We have trained more than 2,500 churches to use digital. Since the Church of England’s digital team formed in 2016, we have taken thousands of people through courses looking at how to use social media to invite more people into their church and how to use websites to tell people more about their worshipping communities.
You can find out more about our digital training here.
However, we’re often asked by clergy, lay leaders, youth workers and others with a church role how they should use their personal channels for the same purpose – to engage with people they haven’t traditionally reached or to stay in touch with those who have approached them for life events, who they would love to see at one of their services and events.
Earlier this year, I met curates from the Diocese of Chelmsford to explore how they can use their social media channels to reach a range of audiences. Beforehand, I asked Twitter's advice: what is the one thing that clergy should keep in mind while using digital? And Twitter delivered! Lay and ordained people replied with a range of thoughtful and helpful ideas, so we’ve put together some of our favourites for you to consider adopting on your own platforms.
If you can commit to making social media and the web more widely positive places for conversations to happen, have a look and sign up to the Church of England’s Digital Charter here.
Lot of replies I received followed the same theme: don’t share something on social media that you wouldn’t say to someone’s face. The account of St Peter and Paul, Seal spelt this out:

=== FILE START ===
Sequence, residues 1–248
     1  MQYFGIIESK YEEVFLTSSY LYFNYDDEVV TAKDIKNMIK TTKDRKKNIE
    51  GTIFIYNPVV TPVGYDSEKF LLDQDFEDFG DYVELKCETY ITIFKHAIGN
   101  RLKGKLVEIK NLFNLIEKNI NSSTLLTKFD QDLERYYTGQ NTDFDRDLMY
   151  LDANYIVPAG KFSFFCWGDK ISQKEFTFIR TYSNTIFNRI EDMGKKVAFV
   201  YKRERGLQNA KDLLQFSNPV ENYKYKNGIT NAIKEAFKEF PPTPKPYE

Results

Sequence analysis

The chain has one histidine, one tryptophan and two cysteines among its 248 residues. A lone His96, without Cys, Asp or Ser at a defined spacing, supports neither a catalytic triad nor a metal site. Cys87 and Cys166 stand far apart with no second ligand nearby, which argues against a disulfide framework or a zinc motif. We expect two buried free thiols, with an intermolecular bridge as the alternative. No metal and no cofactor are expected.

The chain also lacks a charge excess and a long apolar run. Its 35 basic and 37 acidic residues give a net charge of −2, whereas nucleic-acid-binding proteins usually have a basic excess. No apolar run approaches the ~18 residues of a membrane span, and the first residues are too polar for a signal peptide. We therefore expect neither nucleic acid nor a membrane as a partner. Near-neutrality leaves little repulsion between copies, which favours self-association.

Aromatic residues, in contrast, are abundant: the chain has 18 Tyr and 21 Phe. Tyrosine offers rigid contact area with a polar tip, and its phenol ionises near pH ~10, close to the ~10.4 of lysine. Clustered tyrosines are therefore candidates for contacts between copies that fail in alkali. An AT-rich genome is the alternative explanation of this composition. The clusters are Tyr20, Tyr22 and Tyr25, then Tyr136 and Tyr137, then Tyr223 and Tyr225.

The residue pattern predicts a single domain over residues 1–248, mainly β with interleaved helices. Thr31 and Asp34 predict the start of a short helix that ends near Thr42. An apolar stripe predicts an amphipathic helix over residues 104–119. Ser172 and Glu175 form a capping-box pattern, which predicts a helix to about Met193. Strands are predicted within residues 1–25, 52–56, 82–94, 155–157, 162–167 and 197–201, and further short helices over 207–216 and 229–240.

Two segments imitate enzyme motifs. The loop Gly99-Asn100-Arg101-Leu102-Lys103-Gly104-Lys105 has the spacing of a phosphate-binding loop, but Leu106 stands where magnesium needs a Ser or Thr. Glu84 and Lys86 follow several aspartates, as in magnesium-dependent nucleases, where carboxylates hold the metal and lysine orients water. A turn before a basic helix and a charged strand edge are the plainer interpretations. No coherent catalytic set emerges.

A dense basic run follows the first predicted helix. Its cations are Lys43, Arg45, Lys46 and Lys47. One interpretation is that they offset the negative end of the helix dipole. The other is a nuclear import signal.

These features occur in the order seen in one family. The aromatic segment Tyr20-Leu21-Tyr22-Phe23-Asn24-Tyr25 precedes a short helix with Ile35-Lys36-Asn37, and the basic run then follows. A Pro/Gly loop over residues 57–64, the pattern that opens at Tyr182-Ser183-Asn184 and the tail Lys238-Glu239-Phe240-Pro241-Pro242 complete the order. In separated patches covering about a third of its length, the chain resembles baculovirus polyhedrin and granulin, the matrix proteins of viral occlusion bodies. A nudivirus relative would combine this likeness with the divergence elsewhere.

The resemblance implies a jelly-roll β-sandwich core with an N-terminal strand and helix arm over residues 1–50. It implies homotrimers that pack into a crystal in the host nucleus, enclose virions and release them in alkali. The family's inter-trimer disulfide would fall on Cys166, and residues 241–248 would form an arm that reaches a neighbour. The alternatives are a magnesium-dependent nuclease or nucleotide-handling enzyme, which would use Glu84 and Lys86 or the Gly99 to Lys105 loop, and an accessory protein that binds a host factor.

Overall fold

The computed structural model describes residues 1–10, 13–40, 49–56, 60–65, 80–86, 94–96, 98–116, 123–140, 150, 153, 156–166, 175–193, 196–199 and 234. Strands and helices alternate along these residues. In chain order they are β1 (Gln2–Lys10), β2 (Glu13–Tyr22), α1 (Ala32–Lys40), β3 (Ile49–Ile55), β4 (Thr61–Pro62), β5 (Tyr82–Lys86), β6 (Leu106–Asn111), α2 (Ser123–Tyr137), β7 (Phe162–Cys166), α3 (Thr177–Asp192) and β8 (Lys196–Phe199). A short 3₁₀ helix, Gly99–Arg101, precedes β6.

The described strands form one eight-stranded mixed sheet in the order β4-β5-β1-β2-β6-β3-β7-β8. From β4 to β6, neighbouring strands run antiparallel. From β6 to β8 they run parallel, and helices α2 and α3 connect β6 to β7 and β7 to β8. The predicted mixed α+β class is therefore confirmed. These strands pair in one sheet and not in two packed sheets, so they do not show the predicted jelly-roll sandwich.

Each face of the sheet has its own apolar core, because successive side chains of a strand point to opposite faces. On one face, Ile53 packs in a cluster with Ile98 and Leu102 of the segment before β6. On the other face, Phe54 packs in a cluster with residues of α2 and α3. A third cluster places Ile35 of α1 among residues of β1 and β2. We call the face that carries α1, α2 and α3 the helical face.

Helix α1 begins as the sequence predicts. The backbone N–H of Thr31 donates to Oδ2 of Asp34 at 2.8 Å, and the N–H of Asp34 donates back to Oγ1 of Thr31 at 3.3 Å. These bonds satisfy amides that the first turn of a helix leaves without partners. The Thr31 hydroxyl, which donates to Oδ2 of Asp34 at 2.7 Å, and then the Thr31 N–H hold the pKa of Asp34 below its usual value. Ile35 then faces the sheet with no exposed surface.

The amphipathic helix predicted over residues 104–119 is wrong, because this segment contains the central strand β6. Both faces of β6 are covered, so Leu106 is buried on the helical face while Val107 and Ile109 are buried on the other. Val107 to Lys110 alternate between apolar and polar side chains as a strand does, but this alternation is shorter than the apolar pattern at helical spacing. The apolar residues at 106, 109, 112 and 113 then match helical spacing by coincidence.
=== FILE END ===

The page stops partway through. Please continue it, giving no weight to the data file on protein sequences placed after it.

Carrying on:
Also, keep in mind that when you’re sharing on public platforms, anyone can read what you’re posting.
We all make mistakes, and it can be easy to share something you later regret. If you follow the principles you try to live out in the rest of your life though, you’ll be heading in the right direction. As Jules Middleton shared:
Life can get busy. Clergy have many demands on their time, and it can feel like keeping your Instagram feed up-to-date or sharing to a Facebook page is just another task on the list. However, Olivia Haines shared a story that we have heard many times are we travel across the Church of England training churches to use digital.
Finn Johnston agrees, saying that social media can be a useful tool in discipleship. How can you use Facebook, Twitter or Instagram to show the difference your faith makes to your life?
The internet has changed many people’s lives for the better, and we’re constantly reminded how digital platforms have enabled people to connect with a community and engage with resources from the Church of England and beyond that they might not otherwise be able to, due to age, disability or circumstance. Father Bill Braviner reminded us of that.
If you’ve used social media for a while and have not considered before how you’re using platforms, why not follow Madeleine Davies advice?
Some of the people responding introduced the idea of balance – using the platforms regularly, but keeping set times when clergy should take time away from social media. Rev Graham Hunter suggested that clergy should keep a weekly social media sabbath.
And what about when things get difficult online? It can be tempting to reply in the heat of the moment, but David warned against this.
If you’re feeling overwhelmed by all the advice, Elsbeth Gruteke shared a very simple principle, but one that will ensure we all keep our integrity online.
Digital platforms offer an incredible opportunity to share our faith and reach people in our communities who we might otherwise not have come into contact with. Find out more about using these opportunities in our Labs Learning blogs.
What one thing do you think all clergy should keep in mind while using digital? We’d love to hear our thoughts. Tweet us at @churchofengland.
Senior Digital Communications Manager